IT Project Decision Making and Energy Policies, EMEA
Because if the huge impact of IT on energy use, we have a particular interest in it; specifically how the “greening” of IT can positively affect a reduction in energy. While we believe that one person can make a difference, a significant impact can be achieved by policy. We not saying that the establishment of policies is the end-all-be-all for sustainability, just those policies can provide a “guideline”, albeit forced at times, for project decision making. A recent report by Green Grid provides information on energy policies in Europe, Middle East and Africa (EMEA), and how those policies “that informs business decisions and prepares data centers for the effects of current and pending changes in the regulatory environment and ensures they can budget for and exploit these policies to gain a competitive advantage."
One of the primary duties of a project manager is risk management, identifying and assessing the impact of risks in order to prepare for managing and controlling risks. Failure to include the sustainability aspects of a project, in this case the “legislation, regulations, costs” (or policies if you will) relevant to data centers can have a detrimental effect on you data center projects. While 2012 shows some decrease in spending for data center projects according to Steve Wexler (http://www.networkcomputing.com/data-center/240002548) “data center equipment sales in the first quarter surged 17% year over year - that was still a 6% drop from the fourth quarter. Data center network equipment revenue for the first quarter came in at $2.2 billion.” 2011 spending is predicted to be $98.9 billion up 12% from 2011 (http://www.gartner.com/it/page.jsp?id=1822214). That’s a lot of money for data center projects. By giving attention to energy policies, that money can be better spent on equipment, rather than addressing any "surprise" regulatory or legislative issues.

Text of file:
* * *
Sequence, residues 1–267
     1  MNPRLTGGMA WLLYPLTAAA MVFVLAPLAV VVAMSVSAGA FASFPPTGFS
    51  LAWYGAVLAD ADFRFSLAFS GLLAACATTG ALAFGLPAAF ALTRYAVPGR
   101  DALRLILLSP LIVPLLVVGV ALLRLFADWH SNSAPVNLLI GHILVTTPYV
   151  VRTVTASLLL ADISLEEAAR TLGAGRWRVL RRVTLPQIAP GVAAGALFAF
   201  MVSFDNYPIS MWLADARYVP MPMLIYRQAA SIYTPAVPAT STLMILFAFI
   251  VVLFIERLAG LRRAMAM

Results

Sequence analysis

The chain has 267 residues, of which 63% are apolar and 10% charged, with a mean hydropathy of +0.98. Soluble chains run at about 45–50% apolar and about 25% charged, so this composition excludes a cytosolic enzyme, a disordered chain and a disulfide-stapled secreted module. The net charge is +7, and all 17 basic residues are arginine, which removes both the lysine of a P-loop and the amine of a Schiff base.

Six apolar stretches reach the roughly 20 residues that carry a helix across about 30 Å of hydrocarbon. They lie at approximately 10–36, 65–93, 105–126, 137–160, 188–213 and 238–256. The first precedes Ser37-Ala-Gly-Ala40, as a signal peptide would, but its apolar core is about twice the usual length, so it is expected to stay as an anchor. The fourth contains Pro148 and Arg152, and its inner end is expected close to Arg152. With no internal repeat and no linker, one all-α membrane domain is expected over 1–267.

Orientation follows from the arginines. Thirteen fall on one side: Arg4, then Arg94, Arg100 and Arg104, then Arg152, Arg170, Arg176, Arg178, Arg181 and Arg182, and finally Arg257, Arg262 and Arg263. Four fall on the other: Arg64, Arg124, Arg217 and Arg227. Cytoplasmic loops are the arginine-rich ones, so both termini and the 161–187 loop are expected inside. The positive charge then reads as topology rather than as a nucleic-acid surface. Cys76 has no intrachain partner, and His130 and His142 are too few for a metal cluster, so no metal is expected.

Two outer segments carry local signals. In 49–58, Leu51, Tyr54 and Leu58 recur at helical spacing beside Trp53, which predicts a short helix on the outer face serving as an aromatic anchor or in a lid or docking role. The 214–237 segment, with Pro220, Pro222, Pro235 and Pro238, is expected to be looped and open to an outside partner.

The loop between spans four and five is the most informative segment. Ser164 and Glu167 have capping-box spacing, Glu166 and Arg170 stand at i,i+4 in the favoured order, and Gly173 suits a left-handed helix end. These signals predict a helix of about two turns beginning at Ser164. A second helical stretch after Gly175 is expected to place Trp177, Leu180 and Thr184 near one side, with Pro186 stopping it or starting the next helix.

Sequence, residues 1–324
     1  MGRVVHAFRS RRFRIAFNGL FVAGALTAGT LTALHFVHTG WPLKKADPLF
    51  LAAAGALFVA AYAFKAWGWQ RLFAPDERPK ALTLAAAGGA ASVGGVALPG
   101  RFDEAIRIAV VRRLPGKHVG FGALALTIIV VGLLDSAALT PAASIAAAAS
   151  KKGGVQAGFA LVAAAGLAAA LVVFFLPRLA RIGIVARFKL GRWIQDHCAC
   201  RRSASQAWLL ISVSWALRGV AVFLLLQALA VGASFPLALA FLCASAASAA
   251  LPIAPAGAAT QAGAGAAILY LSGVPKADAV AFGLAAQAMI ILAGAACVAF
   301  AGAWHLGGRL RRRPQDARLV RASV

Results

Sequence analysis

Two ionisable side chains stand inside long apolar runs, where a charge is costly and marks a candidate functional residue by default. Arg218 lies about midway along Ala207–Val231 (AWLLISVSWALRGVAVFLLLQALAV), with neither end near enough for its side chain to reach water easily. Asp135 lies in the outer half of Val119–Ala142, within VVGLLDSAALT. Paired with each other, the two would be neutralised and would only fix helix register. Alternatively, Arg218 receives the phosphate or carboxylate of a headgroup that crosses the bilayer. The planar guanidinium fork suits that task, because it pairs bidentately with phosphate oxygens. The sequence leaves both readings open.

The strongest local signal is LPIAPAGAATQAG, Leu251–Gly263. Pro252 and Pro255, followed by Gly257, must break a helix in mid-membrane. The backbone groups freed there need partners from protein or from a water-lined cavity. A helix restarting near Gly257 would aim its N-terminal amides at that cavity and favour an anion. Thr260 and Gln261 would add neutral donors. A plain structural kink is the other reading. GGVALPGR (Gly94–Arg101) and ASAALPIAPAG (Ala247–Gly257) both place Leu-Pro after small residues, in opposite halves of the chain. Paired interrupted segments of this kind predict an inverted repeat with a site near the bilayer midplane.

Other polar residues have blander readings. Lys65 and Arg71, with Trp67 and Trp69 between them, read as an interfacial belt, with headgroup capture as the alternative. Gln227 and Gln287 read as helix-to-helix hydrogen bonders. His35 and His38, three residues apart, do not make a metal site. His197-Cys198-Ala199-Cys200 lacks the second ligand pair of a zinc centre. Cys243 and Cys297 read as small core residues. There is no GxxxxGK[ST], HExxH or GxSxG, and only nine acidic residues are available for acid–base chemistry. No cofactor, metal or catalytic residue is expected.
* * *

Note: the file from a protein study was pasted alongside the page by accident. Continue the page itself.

Just a reminder, Green Grid is “a non-profit, open industry consortium of end-users, policy-makers, technology providers, facility architects, and utility companies collaborating to improve resource efficiency in information technology and data centers. With more than 175 member companies around the world, The Green Grid seeks to unite global industry efforts, create a common set of metrics, and develop technical resources and educational tools to further its goals.”
When you think about recycling, you probably think about an empty water bottle, an egg carton, and today's newspaper. The remains of the day, so to speak.
But you could also think about one of nature's best recyclers - the vulture. And they are pretty good at recycling the 'remains of the day'.
In an excellent posting on an excellent blog - "Krulwich Wonders" - Robert Krulwich writes about these amazing birds and their ability to reduce the remaining meat from dead animals to nearly nothing and to return nutrients back to the Earth.
"the bulk of the cleanup goes to the hero of my tale, nature's prize janitor — hard-working, efficient, unbeloved, unadmired and now down on its luck. I am talking about the vulture. The vulture needs a little bit of love ...
... not only because these busy birds clean up giraffes (and hippos and gazelles and lions in Africa) weighing, by one estimate, about 12 million kilograms, or the weight of about 200,000 men — but because they do it all over the world, gobbling up dead goats, cows, deer, rats at no charge, recycling that flesh back into other living things and then into the Earth.